Grim and Gritty in the '80's
With Batman v Superman: Dawn of Justice two weeks away, I started thinking back. When Batman '66 - the live action ABC series with Adam West and Burt Ward - was cancelled there was a whole reaction. Dennis O'Neil and Neal Adams were making their mark on comics. Not only were they working on Uncanny X-Men, they were the landmark on Green Lantern/Green Arrow. Batman was returning to his Golden Age Gothic roots with stories like "The Secret of the Waiting Graves", the introduction of Man-Bat, sending Dick Grayson off to college and moving from "stately Wayne Manor" to the Wayne Enterprises penthouse.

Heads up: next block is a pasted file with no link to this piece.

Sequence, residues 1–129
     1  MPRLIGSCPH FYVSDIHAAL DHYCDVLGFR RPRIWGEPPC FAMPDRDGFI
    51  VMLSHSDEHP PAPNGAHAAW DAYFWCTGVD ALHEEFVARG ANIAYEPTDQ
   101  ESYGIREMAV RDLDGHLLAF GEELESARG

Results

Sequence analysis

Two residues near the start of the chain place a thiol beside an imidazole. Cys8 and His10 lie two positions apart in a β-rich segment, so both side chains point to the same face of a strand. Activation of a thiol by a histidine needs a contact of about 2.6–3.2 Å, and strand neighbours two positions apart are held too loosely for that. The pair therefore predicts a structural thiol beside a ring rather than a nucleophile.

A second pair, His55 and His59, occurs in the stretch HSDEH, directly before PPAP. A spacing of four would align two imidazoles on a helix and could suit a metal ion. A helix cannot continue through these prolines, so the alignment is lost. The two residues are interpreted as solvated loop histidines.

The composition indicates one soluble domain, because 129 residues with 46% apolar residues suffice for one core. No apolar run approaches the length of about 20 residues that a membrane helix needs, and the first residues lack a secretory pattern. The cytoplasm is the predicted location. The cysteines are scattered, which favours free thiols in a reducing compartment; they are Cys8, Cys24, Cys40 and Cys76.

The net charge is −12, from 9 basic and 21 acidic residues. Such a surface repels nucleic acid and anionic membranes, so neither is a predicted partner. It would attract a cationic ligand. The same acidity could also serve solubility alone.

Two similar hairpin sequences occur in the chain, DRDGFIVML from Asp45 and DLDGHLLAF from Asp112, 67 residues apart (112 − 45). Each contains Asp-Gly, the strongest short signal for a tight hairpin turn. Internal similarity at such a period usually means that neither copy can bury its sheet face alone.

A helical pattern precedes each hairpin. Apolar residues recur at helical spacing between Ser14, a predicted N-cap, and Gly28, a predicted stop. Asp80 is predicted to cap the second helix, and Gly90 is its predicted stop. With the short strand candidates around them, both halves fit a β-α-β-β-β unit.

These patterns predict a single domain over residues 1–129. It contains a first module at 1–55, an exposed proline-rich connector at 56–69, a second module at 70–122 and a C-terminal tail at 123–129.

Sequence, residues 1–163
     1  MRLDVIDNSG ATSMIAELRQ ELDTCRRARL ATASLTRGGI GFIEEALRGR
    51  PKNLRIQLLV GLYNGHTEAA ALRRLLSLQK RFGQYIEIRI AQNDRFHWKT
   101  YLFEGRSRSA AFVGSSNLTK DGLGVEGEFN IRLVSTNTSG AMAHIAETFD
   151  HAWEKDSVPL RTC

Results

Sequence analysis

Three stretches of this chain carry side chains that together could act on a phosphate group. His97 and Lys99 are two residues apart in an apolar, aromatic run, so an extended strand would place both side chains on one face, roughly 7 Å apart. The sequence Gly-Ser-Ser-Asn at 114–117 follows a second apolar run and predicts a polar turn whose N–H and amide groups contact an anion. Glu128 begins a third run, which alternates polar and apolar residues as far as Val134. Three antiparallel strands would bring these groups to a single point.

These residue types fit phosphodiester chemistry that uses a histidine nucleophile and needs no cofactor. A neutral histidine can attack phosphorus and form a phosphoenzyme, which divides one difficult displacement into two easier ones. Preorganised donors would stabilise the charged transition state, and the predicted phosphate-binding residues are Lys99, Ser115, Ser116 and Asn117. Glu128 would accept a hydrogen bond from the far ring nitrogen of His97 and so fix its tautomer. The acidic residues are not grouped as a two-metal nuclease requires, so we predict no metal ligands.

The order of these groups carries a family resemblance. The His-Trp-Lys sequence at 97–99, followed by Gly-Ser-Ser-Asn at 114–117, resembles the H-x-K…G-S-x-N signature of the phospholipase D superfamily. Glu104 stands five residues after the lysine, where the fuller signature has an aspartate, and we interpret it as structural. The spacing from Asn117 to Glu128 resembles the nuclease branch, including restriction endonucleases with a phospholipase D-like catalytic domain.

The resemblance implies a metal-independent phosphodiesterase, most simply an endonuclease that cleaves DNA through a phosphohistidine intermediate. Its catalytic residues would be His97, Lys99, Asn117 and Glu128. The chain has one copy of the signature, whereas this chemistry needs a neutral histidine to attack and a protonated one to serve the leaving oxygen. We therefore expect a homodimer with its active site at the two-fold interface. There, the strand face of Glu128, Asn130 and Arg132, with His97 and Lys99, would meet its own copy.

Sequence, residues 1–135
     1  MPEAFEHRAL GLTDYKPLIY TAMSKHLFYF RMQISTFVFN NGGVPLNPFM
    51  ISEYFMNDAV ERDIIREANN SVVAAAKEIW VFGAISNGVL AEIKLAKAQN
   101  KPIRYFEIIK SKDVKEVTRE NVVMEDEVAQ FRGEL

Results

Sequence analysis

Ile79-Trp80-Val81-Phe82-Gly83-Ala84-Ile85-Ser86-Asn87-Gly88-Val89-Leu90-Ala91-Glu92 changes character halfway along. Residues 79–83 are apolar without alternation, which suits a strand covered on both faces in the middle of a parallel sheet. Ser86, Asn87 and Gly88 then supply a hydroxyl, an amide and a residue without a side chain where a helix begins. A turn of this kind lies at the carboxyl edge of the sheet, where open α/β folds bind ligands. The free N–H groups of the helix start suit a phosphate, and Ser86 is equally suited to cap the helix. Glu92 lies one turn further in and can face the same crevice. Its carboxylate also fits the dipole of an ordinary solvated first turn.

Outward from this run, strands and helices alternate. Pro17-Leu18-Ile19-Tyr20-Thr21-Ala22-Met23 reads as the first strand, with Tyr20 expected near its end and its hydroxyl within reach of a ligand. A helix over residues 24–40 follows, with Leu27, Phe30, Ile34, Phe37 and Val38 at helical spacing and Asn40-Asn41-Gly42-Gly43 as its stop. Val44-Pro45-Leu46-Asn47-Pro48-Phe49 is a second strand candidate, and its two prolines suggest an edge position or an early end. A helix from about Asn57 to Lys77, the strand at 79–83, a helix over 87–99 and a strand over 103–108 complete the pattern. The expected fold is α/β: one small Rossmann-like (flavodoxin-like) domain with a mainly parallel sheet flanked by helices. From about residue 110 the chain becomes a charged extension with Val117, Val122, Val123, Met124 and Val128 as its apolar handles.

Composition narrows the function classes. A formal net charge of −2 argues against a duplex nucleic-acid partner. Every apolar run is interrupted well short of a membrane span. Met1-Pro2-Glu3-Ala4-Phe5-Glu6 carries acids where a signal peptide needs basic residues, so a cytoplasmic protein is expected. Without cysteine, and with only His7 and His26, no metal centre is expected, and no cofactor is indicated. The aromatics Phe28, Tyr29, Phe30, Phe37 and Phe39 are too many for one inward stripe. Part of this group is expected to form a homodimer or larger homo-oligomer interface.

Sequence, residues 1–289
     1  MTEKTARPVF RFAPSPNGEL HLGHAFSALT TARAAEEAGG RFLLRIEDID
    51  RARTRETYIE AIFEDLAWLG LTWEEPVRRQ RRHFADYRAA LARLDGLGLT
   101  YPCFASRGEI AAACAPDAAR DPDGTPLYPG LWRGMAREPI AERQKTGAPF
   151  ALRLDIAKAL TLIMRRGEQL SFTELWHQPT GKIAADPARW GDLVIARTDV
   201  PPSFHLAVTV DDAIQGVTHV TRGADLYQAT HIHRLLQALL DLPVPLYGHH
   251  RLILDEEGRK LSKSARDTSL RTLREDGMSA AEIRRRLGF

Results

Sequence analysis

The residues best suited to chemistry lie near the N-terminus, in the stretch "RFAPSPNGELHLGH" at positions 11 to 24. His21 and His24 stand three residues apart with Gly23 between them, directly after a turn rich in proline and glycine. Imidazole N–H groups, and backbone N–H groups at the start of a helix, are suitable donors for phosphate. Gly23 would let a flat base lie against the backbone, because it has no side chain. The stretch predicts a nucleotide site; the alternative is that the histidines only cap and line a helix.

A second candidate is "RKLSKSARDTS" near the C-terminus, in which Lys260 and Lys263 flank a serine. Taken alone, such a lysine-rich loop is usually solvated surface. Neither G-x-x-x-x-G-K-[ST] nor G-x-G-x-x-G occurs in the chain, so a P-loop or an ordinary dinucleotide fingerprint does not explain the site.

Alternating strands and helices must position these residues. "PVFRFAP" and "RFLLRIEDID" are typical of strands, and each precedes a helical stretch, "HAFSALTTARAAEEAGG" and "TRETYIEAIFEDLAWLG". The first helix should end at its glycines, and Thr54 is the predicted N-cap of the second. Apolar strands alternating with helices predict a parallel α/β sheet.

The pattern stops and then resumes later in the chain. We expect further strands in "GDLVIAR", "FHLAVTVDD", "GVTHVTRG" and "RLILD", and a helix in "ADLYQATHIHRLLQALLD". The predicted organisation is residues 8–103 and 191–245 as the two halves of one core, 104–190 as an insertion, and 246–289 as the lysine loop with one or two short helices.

A lot of fingers tend to point to The Dark Knight Returns as the lightning bolt where comics became dark; grim and gritty. It was more like the latest wave. In 1969, in reaction to the campy television series, Batman was returned to his Gothic roots. So, he was already a dark and brooding force in the Golden Age. From The Dark Knight Returns on through the '89 Batman film forward, the character has wrestled with darkness and light. Dark films and kid friendly cartoons.
Here are some thoughts on comics and characters from the '80's that are not The Dark Knight Returns - or Watchmen - that show comics have been trying to be "grown up" rather than kiddie stuff.
As always, leave your suggestions in the comments below.